Whether you’re involved in selling to the government or you interact with the government in another professional capacity, there’s something you should always heed – the law. Legal factors and ramifications are intertwined into much of the work of lobbying and procurement. So in order to provide you with helpful resources and enlightening information, I asked a successful attorney (and friend of mine) to share some applicable wisdom with you all. Kiersten Murphy, partner at Henze Cook Murphy, was kind enough to cover the basics of bid protests within procurement law on my blog today.
When to Protest
Typically, a disappointed bidder can challenge an award by filing a formal “protest.” Bid protests challenge the procurement process and the government’s evaluation of competing bids. Specifically, protests often challenge whether a bid was given a fair chance, whether procurement officials followed applicable law and regulations; and/or whether the government incorrectly analyzed the challenger’s (or its competitors’) submissions.
Key protest issues include whether the awardee was responsible (financially sound) and responsive (met mandatory requirements); whether there were material mistakes in the process (e.g., not following evaluation criteria); and whether there are legitimate concerns about conflicts or bias among those evaluating responses.
Procurement officials have wide discretion in awarding contracts. Thus, bid protests can be an uphill battle for disappointed bidders. Officials also have wide discretion in responding to bid protests, including maintaining the status quo, canceling a contract in its entirety, or overturning an award and either rebidding the contract or awarding it to the protester.
Despite that broad discretion in awarding contracts and resolving challenges, a successful protest is possible. And, even losing protests can yield positive outcomes. For example, let’s say the government historically disposed of scoring sheets post-evaluation. In this scenario, a protester may be able to argue that these documents should be kept in the future to assist the disappointed bidder’s review of the process.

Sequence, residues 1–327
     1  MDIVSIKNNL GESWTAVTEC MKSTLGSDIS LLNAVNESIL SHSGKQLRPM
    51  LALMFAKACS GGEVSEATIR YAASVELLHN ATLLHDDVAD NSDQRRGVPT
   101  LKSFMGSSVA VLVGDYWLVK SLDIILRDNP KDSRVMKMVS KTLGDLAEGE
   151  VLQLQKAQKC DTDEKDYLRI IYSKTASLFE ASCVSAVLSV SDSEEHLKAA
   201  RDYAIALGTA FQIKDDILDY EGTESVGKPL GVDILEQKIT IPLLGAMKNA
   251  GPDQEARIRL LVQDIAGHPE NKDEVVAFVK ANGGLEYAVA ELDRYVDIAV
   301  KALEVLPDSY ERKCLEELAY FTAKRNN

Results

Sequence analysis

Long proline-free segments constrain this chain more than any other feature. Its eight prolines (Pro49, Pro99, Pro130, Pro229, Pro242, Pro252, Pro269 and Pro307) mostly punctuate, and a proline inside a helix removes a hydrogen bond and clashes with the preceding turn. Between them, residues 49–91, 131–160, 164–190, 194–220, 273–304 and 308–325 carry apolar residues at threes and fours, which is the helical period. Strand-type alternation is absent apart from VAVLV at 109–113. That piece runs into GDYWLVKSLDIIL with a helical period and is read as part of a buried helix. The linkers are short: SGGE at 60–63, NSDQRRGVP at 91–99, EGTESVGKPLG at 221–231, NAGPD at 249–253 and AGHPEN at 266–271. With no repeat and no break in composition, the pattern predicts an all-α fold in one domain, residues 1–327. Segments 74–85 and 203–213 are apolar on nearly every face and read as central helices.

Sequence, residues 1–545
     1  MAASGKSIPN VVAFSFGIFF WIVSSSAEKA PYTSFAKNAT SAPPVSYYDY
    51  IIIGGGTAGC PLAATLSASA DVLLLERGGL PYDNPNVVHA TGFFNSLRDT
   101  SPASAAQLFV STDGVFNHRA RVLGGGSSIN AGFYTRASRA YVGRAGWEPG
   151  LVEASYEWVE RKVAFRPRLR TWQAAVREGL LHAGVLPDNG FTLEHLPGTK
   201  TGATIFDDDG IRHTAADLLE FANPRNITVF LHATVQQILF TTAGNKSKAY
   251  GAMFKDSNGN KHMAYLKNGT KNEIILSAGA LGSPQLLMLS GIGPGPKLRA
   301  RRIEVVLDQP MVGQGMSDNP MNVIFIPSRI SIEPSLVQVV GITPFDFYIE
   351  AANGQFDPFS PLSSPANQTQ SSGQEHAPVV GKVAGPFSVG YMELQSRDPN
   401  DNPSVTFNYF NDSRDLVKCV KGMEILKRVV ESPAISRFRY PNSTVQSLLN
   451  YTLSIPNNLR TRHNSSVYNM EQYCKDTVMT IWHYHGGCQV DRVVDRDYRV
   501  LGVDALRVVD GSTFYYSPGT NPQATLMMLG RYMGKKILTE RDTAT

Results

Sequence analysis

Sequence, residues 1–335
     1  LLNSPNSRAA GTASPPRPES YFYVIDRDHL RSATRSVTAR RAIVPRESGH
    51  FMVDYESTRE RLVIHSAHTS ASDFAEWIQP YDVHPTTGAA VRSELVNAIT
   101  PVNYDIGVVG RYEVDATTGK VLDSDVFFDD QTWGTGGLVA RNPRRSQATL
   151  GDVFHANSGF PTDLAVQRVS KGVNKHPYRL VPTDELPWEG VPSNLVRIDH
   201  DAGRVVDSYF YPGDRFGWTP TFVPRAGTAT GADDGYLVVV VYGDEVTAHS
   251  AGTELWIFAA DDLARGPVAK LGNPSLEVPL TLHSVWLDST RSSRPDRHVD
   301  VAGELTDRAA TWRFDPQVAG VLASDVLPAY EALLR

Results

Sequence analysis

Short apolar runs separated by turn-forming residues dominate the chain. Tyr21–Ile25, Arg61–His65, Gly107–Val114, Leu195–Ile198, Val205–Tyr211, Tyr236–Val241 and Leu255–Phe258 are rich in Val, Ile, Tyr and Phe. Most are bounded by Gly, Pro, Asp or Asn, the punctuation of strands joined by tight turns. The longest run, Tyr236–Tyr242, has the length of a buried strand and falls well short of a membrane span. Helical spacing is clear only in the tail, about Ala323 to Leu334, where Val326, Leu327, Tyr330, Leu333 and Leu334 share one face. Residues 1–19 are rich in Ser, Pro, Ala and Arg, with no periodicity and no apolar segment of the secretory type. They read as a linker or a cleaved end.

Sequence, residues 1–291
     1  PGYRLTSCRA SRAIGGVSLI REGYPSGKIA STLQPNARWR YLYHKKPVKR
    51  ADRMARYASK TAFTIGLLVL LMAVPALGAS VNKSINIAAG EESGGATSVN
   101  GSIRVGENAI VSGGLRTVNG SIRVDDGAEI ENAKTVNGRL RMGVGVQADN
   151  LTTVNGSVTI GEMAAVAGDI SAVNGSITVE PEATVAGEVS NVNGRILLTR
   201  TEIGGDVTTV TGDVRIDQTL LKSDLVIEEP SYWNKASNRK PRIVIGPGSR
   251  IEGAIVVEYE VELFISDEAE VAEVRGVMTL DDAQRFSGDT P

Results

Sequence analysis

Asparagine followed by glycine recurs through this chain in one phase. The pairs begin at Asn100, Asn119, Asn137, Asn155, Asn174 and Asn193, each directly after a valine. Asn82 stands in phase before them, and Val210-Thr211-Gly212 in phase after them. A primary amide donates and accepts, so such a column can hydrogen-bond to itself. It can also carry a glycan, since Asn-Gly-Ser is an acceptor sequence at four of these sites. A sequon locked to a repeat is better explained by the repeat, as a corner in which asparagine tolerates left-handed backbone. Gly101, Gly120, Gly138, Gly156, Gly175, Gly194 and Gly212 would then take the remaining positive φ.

Government entities often see protests as opportunities to improve upon existing practices. But, protesters must also be sensitive to their desired customers, and tactfully challenge the process without alienating the people.
How to Protest
Protest/appeal procedures are typically set forth in the solicitation and/or procurement statutes and regulations. Disappointed bidders must scrupulously follow the procedures (including strict adherence to rules that prohibit communication with procurement officials) or risk disqualification.
A protest is presented by letter, articulating every basis for the protest, either seeking reconsideration by the procurement officer who made the decision, or reversal of the decision by that person’s superior. And the time within which protests must be submitted is extremely compressed. For example, the state requires a comprehensive protest – including all arguments – within ten days of the date the procurement file is made publicly available.
It is wise to have experienced legal or professional assistance throughout the procurement process, and certainly at the bid protest stage, where legal issues and strategic considerations must be presented and argued quickly, effectively and efficiently.
Kiersten Murphy is an attorney practicing Commercial Litigation & Public Procurement Law at Henze Cook Murphy, PLLC: 4645 North 32nd Street, Suite 150; 602.956.1917; [email protected].
Disclosure: This article should not be construed as legal advice or relied upon as a substitute for legal counsel.